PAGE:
Every day I try and do a little bit of yoga. Even if that’s only ten minutes squeezed in before the chaos of teatime, or the rush of getting ready for the day, I figure it counts. It’s better than no yoga. Today, though, I took a whole hour out . . . casting my eye around my very untidy bedroom, I decided that the task of righting the mess could wait. My body needed a good stretch more than my room needed to be neat.
After my yoga, coffee in hand and back at my desk I couldn’t help reflecting that it is little wonder my room is chaotic. At night it is a bedroom, by day it is an office (frequently with folders and paperwork spread on the bed and then dumped back on the desk when it comes to sleep time), a yoga mat is more often than not on the floor (just in case there is a chance for a practice) and there is a monumental pile of ironing on a chair in the corner (largely ignored). It is a lot to ask of a space, to make it work for three - if not four – activities.
When it comes to the body, we are forever “multi-tasking” though . . . fair enough we do tend to avoid swimming after eating (not because we’ll definitely get cramp and drown, just that it doesn’t feel great to be digesting a meal and splashing about) and do our best to focus on driving rather than phoning or texting. Yet every day, we push our bodies to perform repetitive and counter-productive tasks often at the same time. Answering the phone and working on the computer (shoulder in ear to pin the phone in place while we tighten our arms and hands to hit the correct keys), sitting forward on the edge of our seat, shoulders rounded as we search through documents or answer emails. We can even suffer excruciating pain in our wrists (or even our thumbs) from overdoing scrolling on smart phones.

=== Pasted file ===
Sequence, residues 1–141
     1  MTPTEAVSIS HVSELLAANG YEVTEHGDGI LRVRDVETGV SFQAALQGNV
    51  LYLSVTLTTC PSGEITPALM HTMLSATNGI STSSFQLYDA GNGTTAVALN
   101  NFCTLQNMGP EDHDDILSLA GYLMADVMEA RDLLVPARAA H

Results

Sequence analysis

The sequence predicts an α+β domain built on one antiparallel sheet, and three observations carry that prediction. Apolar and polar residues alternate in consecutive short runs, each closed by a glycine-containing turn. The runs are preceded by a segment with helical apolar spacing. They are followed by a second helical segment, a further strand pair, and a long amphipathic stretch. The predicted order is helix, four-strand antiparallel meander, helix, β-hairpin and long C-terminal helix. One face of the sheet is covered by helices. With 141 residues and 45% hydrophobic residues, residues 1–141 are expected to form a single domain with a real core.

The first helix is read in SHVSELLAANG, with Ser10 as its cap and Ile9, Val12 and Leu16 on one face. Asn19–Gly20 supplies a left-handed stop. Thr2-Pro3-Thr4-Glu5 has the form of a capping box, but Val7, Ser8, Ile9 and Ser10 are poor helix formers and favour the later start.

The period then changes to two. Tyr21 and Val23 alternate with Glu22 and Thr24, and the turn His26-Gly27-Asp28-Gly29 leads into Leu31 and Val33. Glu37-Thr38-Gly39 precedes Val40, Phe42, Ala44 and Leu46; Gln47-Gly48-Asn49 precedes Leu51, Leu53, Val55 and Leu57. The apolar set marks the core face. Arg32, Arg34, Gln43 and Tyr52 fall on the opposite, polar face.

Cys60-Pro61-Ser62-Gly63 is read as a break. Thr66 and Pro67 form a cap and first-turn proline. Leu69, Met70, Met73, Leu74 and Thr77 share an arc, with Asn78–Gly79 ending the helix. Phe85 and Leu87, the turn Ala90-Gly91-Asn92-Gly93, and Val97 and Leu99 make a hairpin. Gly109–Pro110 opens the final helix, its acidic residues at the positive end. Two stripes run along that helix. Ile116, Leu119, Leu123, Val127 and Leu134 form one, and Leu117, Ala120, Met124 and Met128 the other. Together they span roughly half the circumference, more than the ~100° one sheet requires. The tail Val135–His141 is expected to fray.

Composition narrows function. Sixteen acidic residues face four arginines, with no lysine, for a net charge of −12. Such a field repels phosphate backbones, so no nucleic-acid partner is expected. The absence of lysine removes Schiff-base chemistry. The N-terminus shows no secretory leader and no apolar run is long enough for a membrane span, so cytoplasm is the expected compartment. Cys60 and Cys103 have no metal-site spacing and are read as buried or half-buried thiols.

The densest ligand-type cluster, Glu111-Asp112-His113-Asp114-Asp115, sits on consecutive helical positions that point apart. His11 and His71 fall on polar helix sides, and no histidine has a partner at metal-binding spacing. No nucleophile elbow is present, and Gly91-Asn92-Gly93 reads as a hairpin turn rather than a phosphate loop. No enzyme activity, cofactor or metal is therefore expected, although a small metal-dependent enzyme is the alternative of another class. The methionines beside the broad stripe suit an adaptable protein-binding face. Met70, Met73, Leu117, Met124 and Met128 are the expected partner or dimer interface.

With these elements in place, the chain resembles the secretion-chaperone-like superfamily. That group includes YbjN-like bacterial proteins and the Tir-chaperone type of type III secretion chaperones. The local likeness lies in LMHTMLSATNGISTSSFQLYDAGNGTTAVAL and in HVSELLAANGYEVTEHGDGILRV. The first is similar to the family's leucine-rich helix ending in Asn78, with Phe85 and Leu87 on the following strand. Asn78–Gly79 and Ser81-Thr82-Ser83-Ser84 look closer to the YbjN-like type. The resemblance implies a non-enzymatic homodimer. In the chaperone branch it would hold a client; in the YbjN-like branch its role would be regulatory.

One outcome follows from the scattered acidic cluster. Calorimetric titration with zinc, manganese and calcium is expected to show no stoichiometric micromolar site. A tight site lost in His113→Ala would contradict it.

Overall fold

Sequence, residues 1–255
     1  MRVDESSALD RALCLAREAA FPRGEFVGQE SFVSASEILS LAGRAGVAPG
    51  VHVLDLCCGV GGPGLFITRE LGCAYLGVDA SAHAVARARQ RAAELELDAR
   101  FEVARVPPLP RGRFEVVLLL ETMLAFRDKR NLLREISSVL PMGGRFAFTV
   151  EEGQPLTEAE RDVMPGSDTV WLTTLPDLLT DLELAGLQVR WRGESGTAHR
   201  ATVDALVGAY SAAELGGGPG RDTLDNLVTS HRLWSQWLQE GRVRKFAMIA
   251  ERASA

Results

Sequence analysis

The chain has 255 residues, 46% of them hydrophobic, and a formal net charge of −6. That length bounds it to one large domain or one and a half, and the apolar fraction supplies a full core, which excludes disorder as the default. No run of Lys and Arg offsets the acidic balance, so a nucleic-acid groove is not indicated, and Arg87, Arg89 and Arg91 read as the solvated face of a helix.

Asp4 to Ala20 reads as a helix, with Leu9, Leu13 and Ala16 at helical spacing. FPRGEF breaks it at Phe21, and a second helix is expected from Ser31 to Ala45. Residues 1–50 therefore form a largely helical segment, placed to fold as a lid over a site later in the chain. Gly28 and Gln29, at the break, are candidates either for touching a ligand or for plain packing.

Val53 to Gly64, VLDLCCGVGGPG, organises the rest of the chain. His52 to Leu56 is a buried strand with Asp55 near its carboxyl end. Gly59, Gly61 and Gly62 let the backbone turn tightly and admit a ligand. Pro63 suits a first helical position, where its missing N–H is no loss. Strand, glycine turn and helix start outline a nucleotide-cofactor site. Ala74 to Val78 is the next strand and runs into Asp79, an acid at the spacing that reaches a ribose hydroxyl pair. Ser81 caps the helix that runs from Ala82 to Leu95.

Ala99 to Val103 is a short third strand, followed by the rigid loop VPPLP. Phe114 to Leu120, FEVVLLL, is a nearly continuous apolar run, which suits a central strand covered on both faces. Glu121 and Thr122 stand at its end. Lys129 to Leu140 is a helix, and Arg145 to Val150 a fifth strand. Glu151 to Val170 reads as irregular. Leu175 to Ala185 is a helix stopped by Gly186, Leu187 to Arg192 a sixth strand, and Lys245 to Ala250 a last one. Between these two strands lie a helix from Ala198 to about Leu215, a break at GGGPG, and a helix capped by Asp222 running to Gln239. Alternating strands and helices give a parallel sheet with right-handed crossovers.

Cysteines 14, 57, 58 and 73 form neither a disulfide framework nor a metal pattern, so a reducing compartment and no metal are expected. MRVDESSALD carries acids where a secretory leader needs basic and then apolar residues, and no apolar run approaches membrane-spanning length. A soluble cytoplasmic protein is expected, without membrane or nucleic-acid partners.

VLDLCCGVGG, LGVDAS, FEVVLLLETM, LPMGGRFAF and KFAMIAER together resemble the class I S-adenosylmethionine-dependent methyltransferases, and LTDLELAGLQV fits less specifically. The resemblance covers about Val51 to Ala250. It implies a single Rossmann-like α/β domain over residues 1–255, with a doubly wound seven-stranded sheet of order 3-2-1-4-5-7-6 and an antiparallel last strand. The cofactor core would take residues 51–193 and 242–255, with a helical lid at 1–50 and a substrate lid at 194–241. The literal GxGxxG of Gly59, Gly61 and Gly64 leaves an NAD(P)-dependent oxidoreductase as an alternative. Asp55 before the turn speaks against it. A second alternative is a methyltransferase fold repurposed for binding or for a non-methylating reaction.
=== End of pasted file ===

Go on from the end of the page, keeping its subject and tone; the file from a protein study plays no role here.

We can’t really change the way modern society works, or office practices . . . but we can make sure we make space in our day for movement – whether that is a stroll in our lunch hour or some time on the yoga mat – or five minutes to sit back, rest, reset our posture and breathe. It’s a good use of time. The emails can wait five minutes. And so can the untidy bedroom . . .
On and off the mat, yoga philosophy or principles can be applied. This blog catches those meanders as well as some of the extra bits that we don't have time to go too deeply into during class.